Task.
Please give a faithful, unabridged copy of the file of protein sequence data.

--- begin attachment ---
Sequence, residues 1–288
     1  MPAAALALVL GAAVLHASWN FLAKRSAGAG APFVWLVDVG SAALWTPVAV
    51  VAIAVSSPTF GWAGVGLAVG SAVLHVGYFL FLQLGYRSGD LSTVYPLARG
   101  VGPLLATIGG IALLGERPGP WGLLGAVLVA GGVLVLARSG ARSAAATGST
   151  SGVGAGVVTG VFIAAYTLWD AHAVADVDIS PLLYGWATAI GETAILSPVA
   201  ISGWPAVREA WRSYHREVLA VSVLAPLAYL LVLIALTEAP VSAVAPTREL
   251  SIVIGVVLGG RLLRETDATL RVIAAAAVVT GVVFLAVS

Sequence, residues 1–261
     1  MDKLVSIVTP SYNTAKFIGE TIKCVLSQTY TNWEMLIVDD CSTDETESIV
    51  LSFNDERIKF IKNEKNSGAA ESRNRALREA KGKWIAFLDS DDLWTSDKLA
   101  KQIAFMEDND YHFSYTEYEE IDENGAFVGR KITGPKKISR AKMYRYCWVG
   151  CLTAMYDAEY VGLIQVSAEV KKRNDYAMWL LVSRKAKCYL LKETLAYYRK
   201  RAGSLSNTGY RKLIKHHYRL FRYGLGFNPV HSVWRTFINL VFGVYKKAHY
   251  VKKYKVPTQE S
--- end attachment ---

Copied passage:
Sequence, residues 1–288
     1  MPAAALALVL GAAVLHASWN FLAKRSAGAG APFVWLVDVG SAALWTPVAV
    51  VAIAVSSPTF GWAGVGLAVG SAVLHVGYFL FLQLGYRSGD LSTVYPLARG
   101  VGPLLATIGG IALLGERPGP WGLLGAVLVA GGVLVLARSG ARSAAATGST
   151  SGVGAGVVTG VFIAAYTLWD AHAVADVDIS PLLYGWATAI GETAILSPVA
   201  ISGWPAVREA WRSYHREVLA VSVLAPLAYL LVLIALTEAP VSAVAPTREL
   251  SIVIGVVLGG RLLRETDATL RVIAAAAVVT GVVFLAVS

Sequence, residues 1–261
     1  MDKLVSIVTP SYNTAKFIGE TIKCVLSQTY TNWEMLIVDD CSTDETESIV
    51  LSFNDERIKF IKNEKNSGAA ESRNRALREA KGKWIAFLDS DDLWTSDKLA
   101  KQIAFMEDND YHFSYTEYEE IDENGAFVGR KITGPKKISR AKMYRYCWVG
   151  CLTAMYDAEY VGLIQVSAEV KKRNDYAMWL LVSRKAKCYL LKETLAYYRK
   201  RAGSLSNTGY RKLIKHHYRL FRYGLGFNPV HSVWRTFINL VFGVYKKAHY
   251  VKKYKVPTQE S